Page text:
Drugs are the most frequent cause of taste disturbances. In this article, we identify more than 60 commonly used prescription medications that have been linked to problems with taste.
Read about the numerous medications that can interact with digoxin, a drug commonly prescribed for heart failure and atrial fibrillation. These interactions can result in either digoxin toxicity or decreased digoxin effectiveness depending on the other drug being used concomitantly.
Read about the more than two dozen medications that can have clinically important interactions with aripiprazole, one of the widely used newer atypical antipsychotic drugs that is approved by the FDA for treatment of several disorders including schizophrenia, bipolar disorder and depression.
Last year, the FDA warned that a drug used to treat high blood potassium levels can interfere with the absorption of many other oral medications. Learn the name of this drug and how to take it safely when using other drugs.
Recent research revealed that many patients consume alcohol while using drugs that may can cause dangerous side effects when combined with alcohol. Read this article to learn about the many ways alcohol can adversely interact with prescription and over-the-counter medications.
This article discusses 36 drugs that, when used by people also using a corticosteroid, can either cause toxic interactions with the steroid or decrease the steroid's effectiveness.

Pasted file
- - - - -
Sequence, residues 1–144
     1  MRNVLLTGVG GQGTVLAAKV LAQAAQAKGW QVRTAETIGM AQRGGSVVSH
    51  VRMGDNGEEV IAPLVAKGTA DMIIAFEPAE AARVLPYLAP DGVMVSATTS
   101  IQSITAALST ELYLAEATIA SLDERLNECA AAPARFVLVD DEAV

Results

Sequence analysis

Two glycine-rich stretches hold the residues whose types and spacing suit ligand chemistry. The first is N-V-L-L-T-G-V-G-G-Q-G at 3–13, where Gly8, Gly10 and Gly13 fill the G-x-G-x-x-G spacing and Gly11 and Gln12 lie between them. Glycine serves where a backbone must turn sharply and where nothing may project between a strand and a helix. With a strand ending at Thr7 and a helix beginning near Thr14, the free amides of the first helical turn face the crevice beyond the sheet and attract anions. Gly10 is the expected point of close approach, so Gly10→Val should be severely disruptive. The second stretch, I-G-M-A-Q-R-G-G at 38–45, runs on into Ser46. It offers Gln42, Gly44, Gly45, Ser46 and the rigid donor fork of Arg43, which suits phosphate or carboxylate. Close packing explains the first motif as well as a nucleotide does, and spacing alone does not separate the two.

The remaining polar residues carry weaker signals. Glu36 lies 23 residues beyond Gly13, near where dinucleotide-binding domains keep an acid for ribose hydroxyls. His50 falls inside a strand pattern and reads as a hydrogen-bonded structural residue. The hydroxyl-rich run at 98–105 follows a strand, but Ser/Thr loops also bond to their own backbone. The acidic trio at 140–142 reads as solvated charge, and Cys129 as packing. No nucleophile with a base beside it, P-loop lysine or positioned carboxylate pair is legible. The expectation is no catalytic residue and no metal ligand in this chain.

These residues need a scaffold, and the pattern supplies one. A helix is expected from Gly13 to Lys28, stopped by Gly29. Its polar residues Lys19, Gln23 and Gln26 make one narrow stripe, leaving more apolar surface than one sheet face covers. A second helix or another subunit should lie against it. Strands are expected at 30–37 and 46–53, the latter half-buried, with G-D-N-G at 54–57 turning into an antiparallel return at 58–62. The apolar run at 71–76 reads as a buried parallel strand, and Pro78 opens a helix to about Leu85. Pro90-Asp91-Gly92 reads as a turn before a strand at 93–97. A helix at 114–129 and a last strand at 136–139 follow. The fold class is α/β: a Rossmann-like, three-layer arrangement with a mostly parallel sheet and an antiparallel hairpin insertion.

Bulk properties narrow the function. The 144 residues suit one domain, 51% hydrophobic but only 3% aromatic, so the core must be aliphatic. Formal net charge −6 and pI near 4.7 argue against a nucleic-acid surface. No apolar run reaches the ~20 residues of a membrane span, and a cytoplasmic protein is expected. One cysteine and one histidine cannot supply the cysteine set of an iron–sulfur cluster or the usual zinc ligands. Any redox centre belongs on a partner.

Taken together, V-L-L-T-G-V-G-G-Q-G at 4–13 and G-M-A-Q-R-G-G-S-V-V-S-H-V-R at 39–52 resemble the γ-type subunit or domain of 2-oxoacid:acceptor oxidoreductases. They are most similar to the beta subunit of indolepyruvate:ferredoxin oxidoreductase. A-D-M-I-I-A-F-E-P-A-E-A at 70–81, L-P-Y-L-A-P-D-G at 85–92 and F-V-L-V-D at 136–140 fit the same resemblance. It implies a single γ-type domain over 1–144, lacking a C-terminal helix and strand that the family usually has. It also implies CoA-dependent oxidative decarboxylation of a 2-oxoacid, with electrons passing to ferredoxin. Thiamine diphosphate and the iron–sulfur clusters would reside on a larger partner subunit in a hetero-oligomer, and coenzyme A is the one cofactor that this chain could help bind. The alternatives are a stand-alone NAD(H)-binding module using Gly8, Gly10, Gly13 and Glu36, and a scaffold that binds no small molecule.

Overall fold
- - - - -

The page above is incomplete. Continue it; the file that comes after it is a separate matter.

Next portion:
The article lists 53 drugs that can interact with the psychiatric drug ABILIFY to either increase the amount in the body, which can lead to toxicity, or decrease the amount rendering the drug less effective.
The article lists 35 different interacting drugs that can either increase blood levels of digoxin, leading to the serious problem of digitalis toxicity or decrease blood levels, causing the drug to be less effective.
Quetiapine (SEROQUEL) can interact with 26 different drugs, increasing its blood levels and causing dangerous side effects such as slowed breathing, dizziness and fainting. The article also lists 10 other interacting drugs that can result in lower blood levels, rendering the drug less effective.
The article lists 24 drugs that can increase the toxicity of oxycodone if taken together with the drug and 11 other drugs that can weaken its effectiveness as a painkiller if they are simutaneously used.
This second article about drug-induced dementia or delirium lists and discusses an additional 79 drugs that can cause these reversible kinds of mental deterioration. The two articles collectively review 136 drugs that can cause these serious side effects, especially in older people.
Tizanidine (ZANAFLEX) is a muscle relaxant for which more than 3.8 million prescriptions were filled in the U.S. last year. The article lists more than 64 drugs with which it can have dangerous interactions resulting in excess sedation, difficulty breathing or dangerously low blood pressure that can result in falling.
This is the first of a two part series on drug induced psychiatric symptoms that is based on the July 8, 2002 issue of The Medical Letter on Drugs and Therapeutics. Regular readers of Worst Pills, Best Pills News will recognize The Medical Letter as a reference source written for physicians and pharmacists that we often use because of its reputation as an objective and independent source of drug information. The article lists the drugs and their psychiatric adverse effects.